• Powerful campaigns can change the world but they’re not enough. You need to ask how you’re going to make a difference.

Building Community through Creativity on Mobile

WITH Sheryl Sandberg, Chief Operating Officer, Facebook - Jonathan Mildenhall, Chief Marketing Officer, Airbnb -  Colleen DeCourcy, Global Chief Creative Officer, Wieden + Kennedy

Both Facebook and Airbnb’s missions are to connect people and bring the world closer together. The idea of belonging is often seen as more important than happiness. People like to feel part of a community because it negates the feeling of isolation. Mobile can connect us to more people more of the time.

  • Mobile allows real world experiences to be shared simultaneously.
  • Brands need to lean into what their communities are creating then put the spend behind creating something similar. User generated content can engage up to 6 times more than ads.
  • What’s important is to realise that the brand narrative doesn’t need to be perfect – the imperfect can be the most exciting part.
Seeing is Believing - Getty Images
Seeing is Believing - Getty Images

Seeing is Believing: The Power of Re-picturing Stereotypes

WITH Lena Waithe, Writer & Actress – Piera Gelardi, Co-founder & ECD, Refinery 29 – Campbell Addy, Photographer – Braden Summers, Photographer – Pam Grossman, Director Visual Trends, Getty Images

Creative industries such as advertising have the ability and responsibility to represent diverse audiences, to include every voice in the mix. It’s important to recognise that people should feel like they are part of the story, rather than just a visitor or guest at the party.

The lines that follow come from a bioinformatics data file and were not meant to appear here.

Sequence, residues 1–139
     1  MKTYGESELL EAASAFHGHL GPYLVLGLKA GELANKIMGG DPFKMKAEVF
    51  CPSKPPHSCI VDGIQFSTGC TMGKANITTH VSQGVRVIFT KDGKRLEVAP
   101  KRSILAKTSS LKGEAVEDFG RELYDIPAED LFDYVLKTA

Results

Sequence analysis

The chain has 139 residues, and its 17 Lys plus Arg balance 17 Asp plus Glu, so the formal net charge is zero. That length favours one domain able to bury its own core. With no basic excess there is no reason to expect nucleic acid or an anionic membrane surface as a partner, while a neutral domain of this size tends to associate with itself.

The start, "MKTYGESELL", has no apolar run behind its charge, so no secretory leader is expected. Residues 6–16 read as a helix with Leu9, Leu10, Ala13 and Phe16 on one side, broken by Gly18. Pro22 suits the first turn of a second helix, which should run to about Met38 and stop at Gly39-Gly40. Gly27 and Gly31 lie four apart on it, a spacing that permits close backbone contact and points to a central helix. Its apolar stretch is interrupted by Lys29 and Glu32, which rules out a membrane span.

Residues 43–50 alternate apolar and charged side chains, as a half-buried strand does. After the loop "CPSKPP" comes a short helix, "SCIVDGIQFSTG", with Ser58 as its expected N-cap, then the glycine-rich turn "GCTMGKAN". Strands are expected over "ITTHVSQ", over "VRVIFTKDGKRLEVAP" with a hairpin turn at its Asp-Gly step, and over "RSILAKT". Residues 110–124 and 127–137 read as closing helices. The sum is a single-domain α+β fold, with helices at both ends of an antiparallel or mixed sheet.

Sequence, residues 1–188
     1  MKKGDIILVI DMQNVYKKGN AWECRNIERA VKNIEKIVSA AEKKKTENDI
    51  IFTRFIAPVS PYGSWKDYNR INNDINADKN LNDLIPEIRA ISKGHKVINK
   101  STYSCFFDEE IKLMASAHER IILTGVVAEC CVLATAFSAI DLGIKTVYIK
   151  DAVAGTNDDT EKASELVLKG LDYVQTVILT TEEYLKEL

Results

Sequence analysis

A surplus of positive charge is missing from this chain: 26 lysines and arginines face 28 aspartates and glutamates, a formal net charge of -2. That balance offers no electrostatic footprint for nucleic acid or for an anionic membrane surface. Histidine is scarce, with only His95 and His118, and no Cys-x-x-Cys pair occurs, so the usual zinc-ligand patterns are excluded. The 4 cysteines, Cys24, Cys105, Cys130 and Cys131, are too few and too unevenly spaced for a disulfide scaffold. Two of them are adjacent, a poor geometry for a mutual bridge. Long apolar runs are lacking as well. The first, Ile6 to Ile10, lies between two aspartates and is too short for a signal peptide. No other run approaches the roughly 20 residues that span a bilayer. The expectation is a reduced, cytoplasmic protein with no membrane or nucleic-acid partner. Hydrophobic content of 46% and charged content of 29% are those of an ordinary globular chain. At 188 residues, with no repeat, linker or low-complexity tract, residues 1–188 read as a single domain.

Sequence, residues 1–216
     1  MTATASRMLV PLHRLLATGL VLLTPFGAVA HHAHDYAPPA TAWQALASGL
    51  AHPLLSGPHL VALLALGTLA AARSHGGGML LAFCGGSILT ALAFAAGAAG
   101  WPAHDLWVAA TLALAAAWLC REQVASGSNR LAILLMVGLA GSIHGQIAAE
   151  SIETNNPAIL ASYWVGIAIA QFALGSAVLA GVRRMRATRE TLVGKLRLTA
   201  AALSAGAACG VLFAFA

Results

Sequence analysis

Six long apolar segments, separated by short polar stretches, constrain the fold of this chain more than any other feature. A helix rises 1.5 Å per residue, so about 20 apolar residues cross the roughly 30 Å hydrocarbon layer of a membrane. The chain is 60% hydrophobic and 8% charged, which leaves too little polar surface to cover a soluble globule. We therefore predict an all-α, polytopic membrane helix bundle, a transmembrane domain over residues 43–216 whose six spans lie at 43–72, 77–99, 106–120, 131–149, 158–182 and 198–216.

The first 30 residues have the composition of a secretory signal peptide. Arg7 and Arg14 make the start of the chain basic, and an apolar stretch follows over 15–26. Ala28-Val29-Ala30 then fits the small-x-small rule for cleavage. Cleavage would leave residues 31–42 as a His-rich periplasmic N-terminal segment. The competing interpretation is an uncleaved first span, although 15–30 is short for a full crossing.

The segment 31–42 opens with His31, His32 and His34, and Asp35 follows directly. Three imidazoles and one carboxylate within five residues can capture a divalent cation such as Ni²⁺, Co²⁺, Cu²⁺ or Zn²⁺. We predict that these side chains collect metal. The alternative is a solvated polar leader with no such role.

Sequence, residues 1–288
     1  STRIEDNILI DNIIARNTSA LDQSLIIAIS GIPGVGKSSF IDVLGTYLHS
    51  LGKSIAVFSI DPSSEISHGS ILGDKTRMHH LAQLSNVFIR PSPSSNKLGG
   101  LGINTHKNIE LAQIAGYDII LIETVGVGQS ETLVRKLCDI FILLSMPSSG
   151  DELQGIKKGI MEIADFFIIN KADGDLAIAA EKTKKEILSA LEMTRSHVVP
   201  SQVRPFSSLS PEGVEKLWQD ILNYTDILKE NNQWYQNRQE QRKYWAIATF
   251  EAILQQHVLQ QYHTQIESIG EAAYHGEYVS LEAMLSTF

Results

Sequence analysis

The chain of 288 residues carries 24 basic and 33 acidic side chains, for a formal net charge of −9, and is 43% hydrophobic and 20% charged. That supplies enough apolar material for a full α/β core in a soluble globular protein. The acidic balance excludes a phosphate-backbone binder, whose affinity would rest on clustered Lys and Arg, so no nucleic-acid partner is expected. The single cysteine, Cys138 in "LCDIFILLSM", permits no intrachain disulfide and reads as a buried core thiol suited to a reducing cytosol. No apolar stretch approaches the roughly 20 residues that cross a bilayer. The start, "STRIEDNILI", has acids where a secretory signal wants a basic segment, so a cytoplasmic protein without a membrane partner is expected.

• Pictures have the power to move the world -  important to portray the reality of the world through your imagery.
  • Businesses often ignore the invisible majority – when you’re not seen, you think you’re not valued.
  • It is important to make society feel uncomfortable – that is how you will bring about a change.
Christine Lagarde Cannes 2017
Christine Lagarde - Can Creativity Change the World?

Can creativity change the world?

WITH Christine Lagarde, Managing Director, IMF – Maurice Levy, Chairman & CEO, Publicis Groupe

Some professions require you to reign in creativity and operate regimentally within a particular field. But creativity is in everything we do.

  • Creativity is the ability to transgress, digress and propose an alternative.
  • We need to get to the root of issues such as gender equality and climate change, and invent solutions that will deal with the problem. That process of invention needs creativity.
  • It is also essential to measure all the way up. You need to disaggregate data when looking at facts and figures of gender equality. You can’t and shouldn’t just look at it generally, but rather look at the data on every level.

The Lion of St Mark Interview: David Droga

WITH David Droga, Founder & Creative Chairman, Droga5 – Philip Thomas, CEO, Ascential Events

The fundamental message was that you never stop learning, and nor should you want to. We all need to stay curious and take risks. That’s when coming from a smaller market can help because it can mean you are willing to try out things that a larger company might feel is too risky.

  • The size of the idea is more important than the size of the budget – if someone tells me the right idea is to blow up the moon, then I’ll try and blow up the moon.
  • Ideas transcend countries and languages – essential to remember that and to learn from different working environments, cultures and people.
  • If I was a client I wouldn't want to buy something just because it's creative. They should buy something because it's right and good for their business. Creativity is at the heart of campaigns, but it is vital to stick to the brand in question.
  • The bottom line is advertising is fun and silly and outrageous. But it's also important, constructive and necessary.

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Community Diversity Purpose